When I worked as a radio DJ, we had a phrase—”dead air kills.” That phrase meant if we had time on the air that wasn’t filled with talk or music, our listeners would change to another station. A good DJ learned to manage the moments between the content. This is also true of teaching, engaging students means that you manage those transitions. If you have “dead air” while you are shuffling through the calendar, trying to find something on the computer, or fussing with your slides, then students’ brains go dead–they symbolically change to another station. You can often visibly see the change because they grab for their phones and start scrolling while others take on a zombie-eyed glaze.  Have a plan to keep them engaged. When I am driving to school and when I am walking to my class, I visualize these transactions to help me create a seamless delivery when the time comes.

Here are a few ways that I manage “dead air” (I use different ones for different classes …not all of these at once).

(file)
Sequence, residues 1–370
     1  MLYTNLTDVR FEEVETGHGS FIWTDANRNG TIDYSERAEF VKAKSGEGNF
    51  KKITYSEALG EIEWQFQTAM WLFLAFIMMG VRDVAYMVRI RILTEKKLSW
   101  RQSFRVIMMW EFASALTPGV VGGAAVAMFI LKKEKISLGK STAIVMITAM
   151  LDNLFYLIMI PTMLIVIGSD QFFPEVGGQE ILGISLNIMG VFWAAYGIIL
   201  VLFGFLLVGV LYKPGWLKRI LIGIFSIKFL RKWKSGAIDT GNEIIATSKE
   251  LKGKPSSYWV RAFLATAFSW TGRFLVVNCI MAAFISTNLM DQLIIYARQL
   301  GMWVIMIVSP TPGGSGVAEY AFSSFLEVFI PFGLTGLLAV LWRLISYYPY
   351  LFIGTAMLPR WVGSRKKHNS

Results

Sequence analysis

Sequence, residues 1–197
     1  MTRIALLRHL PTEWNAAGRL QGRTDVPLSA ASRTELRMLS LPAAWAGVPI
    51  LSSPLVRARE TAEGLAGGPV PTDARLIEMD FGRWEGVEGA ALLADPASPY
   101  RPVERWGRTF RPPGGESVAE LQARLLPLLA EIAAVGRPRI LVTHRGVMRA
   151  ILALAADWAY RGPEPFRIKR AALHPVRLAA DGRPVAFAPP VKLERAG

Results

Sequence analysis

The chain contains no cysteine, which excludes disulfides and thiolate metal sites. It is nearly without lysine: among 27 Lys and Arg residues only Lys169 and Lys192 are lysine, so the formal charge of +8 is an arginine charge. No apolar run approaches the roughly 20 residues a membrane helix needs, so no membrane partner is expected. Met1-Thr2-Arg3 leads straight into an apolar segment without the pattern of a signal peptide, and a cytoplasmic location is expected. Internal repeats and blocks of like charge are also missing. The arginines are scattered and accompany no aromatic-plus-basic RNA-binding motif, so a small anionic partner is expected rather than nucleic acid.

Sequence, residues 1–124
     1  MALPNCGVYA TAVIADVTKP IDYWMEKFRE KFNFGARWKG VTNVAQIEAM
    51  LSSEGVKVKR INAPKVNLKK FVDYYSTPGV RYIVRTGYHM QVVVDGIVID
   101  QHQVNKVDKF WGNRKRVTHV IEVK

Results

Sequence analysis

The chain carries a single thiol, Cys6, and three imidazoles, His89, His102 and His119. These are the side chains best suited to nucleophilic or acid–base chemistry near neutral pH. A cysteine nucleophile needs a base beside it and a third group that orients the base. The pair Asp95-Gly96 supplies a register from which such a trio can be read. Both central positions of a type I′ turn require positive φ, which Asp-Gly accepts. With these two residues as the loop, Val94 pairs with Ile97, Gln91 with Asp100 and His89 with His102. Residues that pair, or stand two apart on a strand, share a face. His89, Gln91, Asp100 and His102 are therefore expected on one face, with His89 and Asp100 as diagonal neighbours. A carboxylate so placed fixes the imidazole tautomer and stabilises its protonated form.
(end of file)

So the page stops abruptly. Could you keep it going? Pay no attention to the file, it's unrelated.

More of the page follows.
• I play music playing at the beginning of class that connects with the lesson.
  • I ask a student to come to the front and write on the whiteboard “Things to do this week. ” I work on organizing my slides and papers while the whole class mentions activities, outings, concerts, and museums that the volunteer writes on the board.
  • I have a list of discussion prompts to stir small talk. “Talk to your neighbors about where to get the best salsa in town.”
  • I have opening slides with logic puzzles they have to figure out. I then make my opening point with the puzzle.
  • I have prompts on the first slide that asks them to review a theory from the previous class with a classmate.
  • In my persuasion class, I have commercials playing at the first of class related to the day’s lesson.
  • I never pass out papers at the first of class. If they are working in groups or doing pair-share, I pass papers out then. Sometimes, I fold homework in half, put their names on the outside, and place them on a table. I stand by the table at the end of class (to make sure they only get their own paper) and then I greet them with a smile as they pick them up on the way out the door.
  • I have prompts on my slides about how to get into discussion groups and what to do while they are there so they can transition quickly.